TrueCrypt 7.1a is just fine for use on SSDs, but note that it will likely reduce IOPs performance by a considerable amount, though the drive will still perform more than 10 times better IOPs than HDD. So if you cannot make use of the options listed in Magician, TrueCrypt is an option for encrypting the drive, but it reportedly does not function very well with Windows 8 and later file systems. For this reason, BitLocker with full disk encryption is a better option for these operating systems.
TCG Opal is basically a standard which allows for a sort of mini operating system to be installed to a reserved part of the drive that is only for the purpose of allowing the drive to boot and present the user with a password for granting access to the drive. There are various tools available for installing this feature, including some reportedly stable open source projects, but Windows 8 and later BitLocker should support this feature.
I do not have Windows 8 or later, so I cannot provide instruction on how to set this up, but my reading indicates that this is only available when installing Windows, and not after it is installed. Experienced users feel free to correct me.
The ATA password locking is an optional feature of the ATA standard supported by the Samsung 840 and later series drives, as well as thousands of others. This standard is not related to a BIOS and can be accessed through any number of methods. I do not recommend using a BIOS for setting or managing the ATA password as the BIOS may not be properly conforming to the ATA standard. I have experience with my own hardware appearing to support the feature, but actually not being in compliance.
Note that searching on this feature will produce a lot of discussion claiming that the ATA lock feature should not be considered safe for protecting data. This is generally only correct for HDDs that are not also Self Encrypting Drives (SED). Since the Samsung 840 and later series drives are SSDs and SEDs, these discussions are simply not applicable. The ATA password locked Samsung 840 series and later should be secure enough for your usage, as described in this question.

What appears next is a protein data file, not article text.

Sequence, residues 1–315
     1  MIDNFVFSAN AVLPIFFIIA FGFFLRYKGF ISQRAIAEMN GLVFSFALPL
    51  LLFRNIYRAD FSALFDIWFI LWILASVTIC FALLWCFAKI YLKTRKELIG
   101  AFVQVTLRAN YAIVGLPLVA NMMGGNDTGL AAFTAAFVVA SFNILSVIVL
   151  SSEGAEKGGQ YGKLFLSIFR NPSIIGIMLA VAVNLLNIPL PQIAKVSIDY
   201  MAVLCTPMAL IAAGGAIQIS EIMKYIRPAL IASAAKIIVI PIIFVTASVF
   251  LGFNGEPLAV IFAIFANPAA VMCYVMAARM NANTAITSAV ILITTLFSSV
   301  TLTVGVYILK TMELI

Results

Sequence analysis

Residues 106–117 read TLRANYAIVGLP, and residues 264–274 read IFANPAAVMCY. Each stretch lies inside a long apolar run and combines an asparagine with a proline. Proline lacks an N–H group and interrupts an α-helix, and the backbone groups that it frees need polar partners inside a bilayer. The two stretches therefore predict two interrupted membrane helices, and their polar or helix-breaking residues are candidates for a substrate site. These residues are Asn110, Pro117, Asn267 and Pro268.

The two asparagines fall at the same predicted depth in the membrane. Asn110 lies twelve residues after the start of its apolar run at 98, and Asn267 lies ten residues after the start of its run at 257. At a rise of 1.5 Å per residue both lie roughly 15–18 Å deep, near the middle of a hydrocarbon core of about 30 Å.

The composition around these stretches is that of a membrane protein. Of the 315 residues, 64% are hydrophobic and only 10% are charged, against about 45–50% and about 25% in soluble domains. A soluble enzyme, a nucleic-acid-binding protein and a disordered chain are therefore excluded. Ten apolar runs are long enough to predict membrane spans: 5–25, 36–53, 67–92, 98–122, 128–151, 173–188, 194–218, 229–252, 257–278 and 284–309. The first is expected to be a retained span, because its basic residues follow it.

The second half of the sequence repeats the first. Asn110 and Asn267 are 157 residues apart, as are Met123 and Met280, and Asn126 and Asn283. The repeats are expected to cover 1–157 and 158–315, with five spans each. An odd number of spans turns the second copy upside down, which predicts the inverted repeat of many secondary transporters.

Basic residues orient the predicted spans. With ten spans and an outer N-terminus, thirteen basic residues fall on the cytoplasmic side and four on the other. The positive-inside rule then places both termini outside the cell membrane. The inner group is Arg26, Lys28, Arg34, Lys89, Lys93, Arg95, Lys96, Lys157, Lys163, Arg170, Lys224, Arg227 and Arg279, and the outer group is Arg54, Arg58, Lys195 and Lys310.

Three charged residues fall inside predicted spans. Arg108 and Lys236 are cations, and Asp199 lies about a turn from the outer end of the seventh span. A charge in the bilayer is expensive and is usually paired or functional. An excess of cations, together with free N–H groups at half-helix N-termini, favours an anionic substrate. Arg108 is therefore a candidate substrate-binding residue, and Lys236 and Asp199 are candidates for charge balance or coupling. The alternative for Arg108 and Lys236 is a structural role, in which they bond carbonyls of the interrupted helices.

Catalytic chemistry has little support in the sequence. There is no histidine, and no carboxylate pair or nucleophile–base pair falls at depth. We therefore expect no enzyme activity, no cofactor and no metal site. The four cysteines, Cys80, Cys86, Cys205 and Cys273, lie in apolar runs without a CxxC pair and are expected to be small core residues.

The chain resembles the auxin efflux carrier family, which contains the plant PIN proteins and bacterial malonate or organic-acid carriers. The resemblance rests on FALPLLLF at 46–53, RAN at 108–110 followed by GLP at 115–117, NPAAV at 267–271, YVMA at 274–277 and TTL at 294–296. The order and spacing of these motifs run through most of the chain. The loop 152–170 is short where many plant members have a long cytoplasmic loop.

The best way to be sure your BIOS can support unlocking an ATA password locked drive is to lock a drive, install it into the computer, then boot the computer and see if it asks for a password and if the password entered can unlock the drive.
This test should not be performed on a drive with data you do not want to lose.
Fortunately, the test drive does not have to be the Samsung drive, as it can be any drive that supports the ATA standard security set and can be installed in the target computer.
The best way I have found for accessing the ATA features of a drive are with the Linux command line utility
hdparm. Even if you don't have a computer with Linux, there are many distributions whose install disk image also supports running the OS 'live' from the install media. Ubuntu 16.04 LTS, for example, should easily and quickly install to the vast majority of computers and the same image can also be written to flash media for running on systems without optical drives.
Detailed instructions on how to enable ATA password security are beyond the scope of this question, but I found this tutorial to be one of the best for this task.
Enabling ATA Security on a Self-Encrypting SSD
Note that the maximum password length is 32 characters. I recommend doing the test with a 32-character password to be sure that the BIOS supports the standard correctly.
With the target computer powered down and the drive ATA password locked, install the drive and boot the system. If the BIOS does not ask for a password to unlock the drive, then the BIOS does not support ATA password unlock. Also, if it seems like you are entering the password completely correctly, but it is not unlocking the drive, it may be that the BIOS does not properly support the ATA standard, and thus should not be trusted.
It may be a good idea to have some way to verify that the system is properly reading the unlocked drive, such as by having an operating system installed and loading properly, or installing along side an OS drive that loads and can mount the test drive and read and write files without issue.
If the test is successful and you feel confident in repeating the steps, enabling the ATA password on a drive, including one with an OS installed, will not change anything in the data portion of the drive, so it should boot up normally after entering the password in the BIOS.